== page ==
1941 - 1998
Endre Hortobágyi was a visual artist. Born in 1941, Endre Hortobágyi passed away in 1998. Artists born in the same year and of the same generation are Brendan Neiland, Joe Bova, Ingvald Holmefjord, Carlos Vergara, and Siegfried Besser.
Further Biographical Context for Endre Hortobágyi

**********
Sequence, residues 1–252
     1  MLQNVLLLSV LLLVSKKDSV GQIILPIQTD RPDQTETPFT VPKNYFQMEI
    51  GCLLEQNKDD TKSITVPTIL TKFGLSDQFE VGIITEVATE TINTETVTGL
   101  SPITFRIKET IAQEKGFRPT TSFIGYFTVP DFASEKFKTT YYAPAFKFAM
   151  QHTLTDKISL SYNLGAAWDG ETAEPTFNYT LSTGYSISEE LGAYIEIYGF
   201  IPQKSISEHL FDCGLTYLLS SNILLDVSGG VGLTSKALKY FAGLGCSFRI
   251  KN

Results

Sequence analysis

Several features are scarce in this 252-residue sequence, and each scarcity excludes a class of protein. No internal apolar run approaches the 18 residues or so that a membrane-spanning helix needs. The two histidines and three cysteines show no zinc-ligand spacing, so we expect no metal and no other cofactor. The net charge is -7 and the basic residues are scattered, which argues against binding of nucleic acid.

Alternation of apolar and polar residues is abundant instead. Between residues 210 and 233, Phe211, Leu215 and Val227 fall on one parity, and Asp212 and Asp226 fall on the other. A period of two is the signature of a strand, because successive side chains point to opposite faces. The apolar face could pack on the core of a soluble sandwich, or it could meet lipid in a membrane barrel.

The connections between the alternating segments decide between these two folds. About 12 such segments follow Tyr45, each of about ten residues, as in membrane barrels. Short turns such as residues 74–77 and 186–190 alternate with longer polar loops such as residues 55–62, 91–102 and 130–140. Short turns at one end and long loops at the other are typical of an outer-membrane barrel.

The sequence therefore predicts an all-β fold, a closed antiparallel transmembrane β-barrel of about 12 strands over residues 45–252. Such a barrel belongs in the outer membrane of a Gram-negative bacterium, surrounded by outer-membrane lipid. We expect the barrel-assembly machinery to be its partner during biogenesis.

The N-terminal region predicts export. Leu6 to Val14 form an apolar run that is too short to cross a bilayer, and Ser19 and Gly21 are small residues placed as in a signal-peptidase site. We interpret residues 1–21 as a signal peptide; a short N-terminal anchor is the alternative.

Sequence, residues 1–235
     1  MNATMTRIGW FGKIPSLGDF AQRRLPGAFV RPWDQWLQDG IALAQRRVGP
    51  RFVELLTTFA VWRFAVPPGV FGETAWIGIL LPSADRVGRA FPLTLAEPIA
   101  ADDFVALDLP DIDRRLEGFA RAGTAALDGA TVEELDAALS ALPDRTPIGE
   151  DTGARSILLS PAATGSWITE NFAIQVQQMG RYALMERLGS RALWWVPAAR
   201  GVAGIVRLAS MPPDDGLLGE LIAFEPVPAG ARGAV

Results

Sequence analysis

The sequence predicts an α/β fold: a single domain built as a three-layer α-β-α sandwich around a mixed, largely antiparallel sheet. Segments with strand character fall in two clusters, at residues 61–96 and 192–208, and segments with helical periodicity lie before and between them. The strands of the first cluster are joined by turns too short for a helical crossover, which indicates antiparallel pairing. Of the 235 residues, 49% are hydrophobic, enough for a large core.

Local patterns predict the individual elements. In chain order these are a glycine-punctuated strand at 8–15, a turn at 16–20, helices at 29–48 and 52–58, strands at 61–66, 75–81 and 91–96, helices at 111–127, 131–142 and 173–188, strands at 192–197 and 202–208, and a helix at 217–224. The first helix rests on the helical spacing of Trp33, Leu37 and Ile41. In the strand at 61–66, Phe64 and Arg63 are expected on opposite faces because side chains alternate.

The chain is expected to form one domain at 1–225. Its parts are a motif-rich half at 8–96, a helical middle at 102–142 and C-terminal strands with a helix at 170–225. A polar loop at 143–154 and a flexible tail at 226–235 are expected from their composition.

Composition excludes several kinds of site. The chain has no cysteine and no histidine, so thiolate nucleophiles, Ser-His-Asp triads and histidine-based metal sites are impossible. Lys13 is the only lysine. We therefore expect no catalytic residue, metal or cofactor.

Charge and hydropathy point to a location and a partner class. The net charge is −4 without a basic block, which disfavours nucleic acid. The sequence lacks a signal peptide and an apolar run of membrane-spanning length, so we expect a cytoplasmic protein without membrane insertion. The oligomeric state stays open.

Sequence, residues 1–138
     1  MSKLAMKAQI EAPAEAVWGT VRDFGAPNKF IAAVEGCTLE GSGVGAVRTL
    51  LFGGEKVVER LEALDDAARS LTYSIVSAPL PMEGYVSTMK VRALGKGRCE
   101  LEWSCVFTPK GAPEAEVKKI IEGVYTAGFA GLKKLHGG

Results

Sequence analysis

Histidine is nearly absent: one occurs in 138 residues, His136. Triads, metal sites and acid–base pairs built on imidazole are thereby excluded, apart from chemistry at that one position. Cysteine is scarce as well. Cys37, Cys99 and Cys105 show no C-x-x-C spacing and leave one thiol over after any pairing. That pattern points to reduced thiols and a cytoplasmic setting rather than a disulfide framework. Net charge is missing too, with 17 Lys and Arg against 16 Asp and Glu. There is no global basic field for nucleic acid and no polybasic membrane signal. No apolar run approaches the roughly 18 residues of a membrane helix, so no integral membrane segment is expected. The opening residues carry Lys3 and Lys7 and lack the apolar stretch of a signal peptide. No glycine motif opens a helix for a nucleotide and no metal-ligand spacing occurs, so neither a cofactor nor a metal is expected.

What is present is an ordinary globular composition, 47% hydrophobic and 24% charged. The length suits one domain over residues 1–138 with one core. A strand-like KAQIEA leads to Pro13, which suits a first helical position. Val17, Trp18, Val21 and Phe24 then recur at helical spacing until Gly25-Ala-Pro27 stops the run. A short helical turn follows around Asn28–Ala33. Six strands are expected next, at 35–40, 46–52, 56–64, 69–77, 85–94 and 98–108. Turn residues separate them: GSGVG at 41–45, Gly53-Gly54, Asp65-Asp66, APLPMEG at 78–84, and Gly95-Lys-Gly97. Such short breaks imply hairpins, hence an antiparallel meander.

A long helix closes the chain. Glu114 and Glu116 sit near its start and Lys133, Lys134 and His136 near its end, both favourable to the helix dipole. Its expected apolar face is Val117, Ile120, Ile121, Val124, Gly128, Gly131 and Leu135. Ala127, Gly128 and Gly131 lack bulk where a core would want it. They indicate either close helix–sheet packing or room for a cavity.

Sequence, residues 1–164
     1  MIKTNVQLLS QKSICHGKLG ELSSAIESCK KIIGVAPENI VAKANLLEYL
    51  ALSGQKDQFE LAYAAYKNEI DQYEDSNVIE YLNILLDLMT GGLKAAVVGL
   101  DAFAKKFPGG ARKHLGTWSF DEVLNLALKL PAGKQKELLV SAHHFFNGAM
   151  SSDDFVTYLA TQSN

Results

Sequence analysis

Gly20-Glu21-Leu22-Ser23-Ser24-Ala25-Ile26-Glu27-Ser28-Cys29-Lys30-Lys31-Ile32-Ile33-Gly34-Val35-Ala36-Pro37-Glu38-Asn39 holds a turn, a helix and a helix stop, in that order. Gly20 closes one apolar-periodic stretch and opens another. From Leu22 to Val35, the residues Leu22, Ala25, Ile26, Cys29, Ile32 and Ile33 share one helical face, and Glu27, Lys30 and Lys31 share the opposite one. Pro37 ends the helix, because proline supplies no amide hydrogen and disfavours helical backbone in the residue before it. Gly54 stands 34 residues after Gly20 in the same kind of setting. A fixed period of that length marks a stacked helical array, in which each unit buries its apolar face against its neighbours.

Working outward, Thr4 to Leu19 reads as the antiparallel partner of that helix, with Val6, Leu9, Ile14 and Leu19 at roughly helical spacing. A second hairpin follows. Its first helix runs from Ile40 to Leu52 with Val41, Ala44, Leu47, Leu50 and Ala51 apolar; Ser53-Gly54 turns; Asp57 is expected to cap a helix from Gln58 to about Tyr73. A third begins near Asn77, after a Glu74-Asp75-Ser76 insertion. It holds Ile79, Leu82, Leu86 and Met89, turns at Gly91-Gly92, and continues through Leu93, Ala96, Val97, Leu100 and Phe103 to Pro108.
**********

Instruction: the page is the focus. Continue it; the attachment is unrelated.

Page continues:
Endre Hortobágyi was born in 1941 and was primarily influenced by the 1960s. The astronomical impact of the 1960s was truly sensational across the globe. Illustrative of a time stirring both hope and anger, the 1960s prompted an explosion of new philosophies and movements, truly exciting and spectacular. Historically set in the context of the Cold War, which would have a highly powerful impact worldwide, largely defined by the Iron Curtain separating Europe both physically and spiritually, and drastically marked by the construction of the Berlin Wall in 1961. The 1960s re-defined all pre-existing expectations on gender, race and justice, questioned education as well as morality and selfhood – for instance through the civil rights movement and second wave of feminism, as well as student political uprisings. The significant boom of mass consumerism also defined the era, engendering new trends in marketing and advertising. Minimalism developed the central idea that art should subsist in its own reality, and not try to mimic the real world. Born of a desire to eradicate all pre-established conceptions about art, Minimalism became a radically progressive movement, highly influential worldwide, with artists such as Frank Stella, Donald Judd and Dan Flavin as key figures. Morris Louis, Kenneth Noland and Helen Frankenthaler were artists who sought to delve into some of the most fundamental philosophies of Abstract Expressionism, while eliminating the emotional and highly personal aspect it would usually entail with it. This led to the creation of Colour Field painting, deeply relating to Minimalism. The iconic contemporary art movements that reverberated through the wave of radicalism of the 1960s also had their own nuances and scopes, distinctive to different areas or countries. Spatialism, for instance, was established in Italy by Lucio Fontana and Piero Manzoni, and its ideologies adopted by the Zero group in Germany. Across Europe, the ideologies of Existentialism deeply influenced artists such as Francis Bacon and Alberto Giacometti, who sought to depict the raw human emotions often associated with reflections on death and the haunting anxiety of the meaninglessness of life.